Mediterranean Diet Tied to Lower Risk of Rheumatoid Arthritis

Association only significant among men and only in seropositive rheumatoid arthritis.
Association only significant among men and only in seropositive rheumatoid arthritis.

HealthDay News — High adherence to the Mediterranean diet score is tied to lower risk of rheumatoid arthritis (RA) in some populations, according to a study published online August 9 in Arthritis Research & Therapy.

Kari Johansson, PhD, from the Karolinska Institutet in Stockholm, and colleagues used data from the Swedish epidemiological investigation of RA to identify 1721 patients with incident RA (cases) and 3,667 controls, matched on age, gender, and residential area. The Mediterranean diet score was determined based on a 124-item food frequency questionnaire. 

Related Articles

The researchers found that 24.1% of the patients and 28.2% of the controls had high adherence to the Mediterranean diet (a score between 6 and 9 on a 9-point scale). High adherence to the diet reduced the odds of developing RA by 21% (odds ratio [OR], 0.79; 95% confidence interval [CI], 0.65 to 0.96) vs low adherence (a score between 0 and 2), after adjusting for body mass index, educational level, physical activity, use of dietary supplements, energy intake, and smoking. For men, the OR was even lower (OR, 0.49; 95% CI, 0.33 to 0.73), but there were no significant associations among women (OR, 0.94; 95% CI, 0.74 to 1.18). There was an association between high diet score and low risk of RA in rheumatoid factor-positive (OR, 0.69; 95 percent CI, 0.54 to 0.88), but not rheumatoid factor-negative RA (OR, 0.96; 95% CI, 0.68 to 1.34).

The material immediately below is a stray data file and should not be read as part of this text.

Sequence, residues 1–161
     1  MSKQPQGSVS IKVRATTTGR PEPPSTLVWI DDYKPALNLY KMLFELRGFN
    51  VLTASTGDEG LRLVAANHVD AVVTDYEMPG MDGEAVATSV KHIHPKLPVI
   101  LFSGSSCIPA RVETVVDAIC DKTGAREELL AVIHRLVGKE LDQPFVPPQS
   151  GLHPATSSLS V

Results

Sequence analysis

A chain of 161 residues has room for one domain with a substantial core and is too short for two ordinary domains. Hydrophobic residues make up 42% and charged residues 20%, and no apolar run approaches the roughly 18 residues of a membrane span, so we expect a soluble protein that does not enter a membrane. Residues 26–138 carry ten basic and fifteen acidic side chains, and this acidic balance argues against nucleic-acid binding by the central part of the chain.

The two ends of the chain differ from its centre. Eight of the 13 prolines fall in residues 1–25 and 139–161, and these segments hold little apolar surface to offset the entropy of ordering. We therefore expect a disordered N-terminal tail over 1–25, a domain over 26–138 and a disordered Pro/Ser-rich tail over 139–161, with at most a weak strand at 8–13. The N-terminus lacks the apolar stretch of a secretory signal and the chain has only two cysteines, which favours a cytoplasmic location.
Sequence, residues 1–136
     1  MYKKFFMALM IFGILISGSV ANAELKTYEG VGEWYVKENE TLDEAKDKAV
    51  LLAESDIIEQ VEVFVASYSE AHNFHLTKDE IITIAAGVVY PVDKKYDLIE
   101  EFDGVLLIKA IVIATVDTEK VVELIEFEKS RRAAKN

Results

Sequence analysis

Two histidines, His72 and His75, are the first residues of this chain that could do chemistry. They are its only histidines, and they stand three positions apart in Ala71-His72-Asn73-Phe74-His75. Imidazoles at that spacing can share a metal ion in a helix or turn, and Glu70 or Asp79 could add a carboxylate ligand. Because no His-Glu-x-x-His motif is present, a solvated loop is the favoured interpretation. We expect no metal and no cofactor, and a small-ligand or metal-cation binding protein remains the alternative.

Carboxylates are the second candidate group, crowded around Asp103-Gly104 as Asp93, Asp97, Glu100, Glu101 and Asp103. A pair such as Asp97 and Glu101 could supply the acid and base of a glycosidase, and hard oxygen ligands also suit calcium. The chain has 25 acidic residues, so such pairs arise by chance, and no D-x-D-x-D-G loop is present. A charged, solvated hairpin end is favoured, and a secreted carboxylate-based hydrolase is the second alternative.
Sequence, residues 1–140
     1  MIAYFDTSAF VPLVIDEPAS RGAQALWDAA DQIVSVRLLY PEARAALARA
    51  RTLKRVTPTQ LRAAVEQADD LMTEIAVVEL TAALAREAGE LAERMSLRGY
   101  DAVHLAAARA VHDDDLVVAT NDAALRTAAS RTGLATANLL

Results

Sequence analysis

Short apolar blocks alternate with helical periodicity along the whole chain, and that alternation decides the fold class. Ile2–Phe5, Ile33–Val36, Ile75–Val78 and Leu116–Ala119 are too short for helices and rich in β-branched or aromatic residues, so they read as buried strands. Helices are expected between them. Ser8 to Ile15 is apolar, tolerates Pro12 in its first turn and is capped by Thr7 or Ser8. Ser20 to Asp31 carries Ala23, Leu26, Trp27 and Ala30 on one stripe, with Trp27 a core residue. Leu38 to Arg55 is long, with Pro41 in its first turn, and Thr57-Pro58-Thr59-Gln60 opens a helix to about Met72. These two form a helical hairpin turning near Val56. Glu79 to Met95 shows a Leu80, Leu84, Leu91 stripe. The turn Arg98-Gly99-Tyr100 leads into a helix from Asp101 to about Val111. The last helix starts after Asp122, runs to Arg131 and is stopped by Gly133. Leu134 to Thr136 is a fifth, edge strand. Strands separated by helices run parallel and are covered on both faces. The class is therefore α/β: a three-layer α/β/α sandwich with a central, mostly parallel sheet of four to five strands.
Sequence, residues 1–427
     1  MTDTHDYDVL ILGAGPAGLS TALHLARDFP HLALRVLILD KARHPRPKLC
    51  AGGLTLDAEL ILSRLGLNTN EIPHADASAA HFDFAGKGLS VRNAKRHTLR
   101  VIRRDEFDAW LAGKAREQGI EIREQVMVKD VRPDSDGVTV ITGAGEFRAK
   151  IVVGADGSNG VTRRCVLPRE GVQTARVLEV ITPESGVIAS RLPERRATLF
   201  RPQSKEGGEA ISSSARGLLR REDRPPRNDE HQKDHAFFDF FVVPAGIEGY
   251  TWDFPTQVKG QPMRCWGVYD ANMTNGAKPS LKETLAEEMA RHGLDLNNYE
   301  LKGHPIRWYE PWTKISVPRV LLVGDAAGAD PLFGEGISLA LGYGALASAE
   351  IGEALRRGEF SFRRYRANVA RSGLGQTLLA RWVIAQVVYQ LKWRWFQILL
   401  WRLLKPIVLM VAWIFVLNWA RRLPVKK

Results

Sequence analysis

"We need to acknowledge that the mechanisms and impact of potential dietary guidelines might have to differ between RA sub-groups," the authors write.

Abstract/Full Text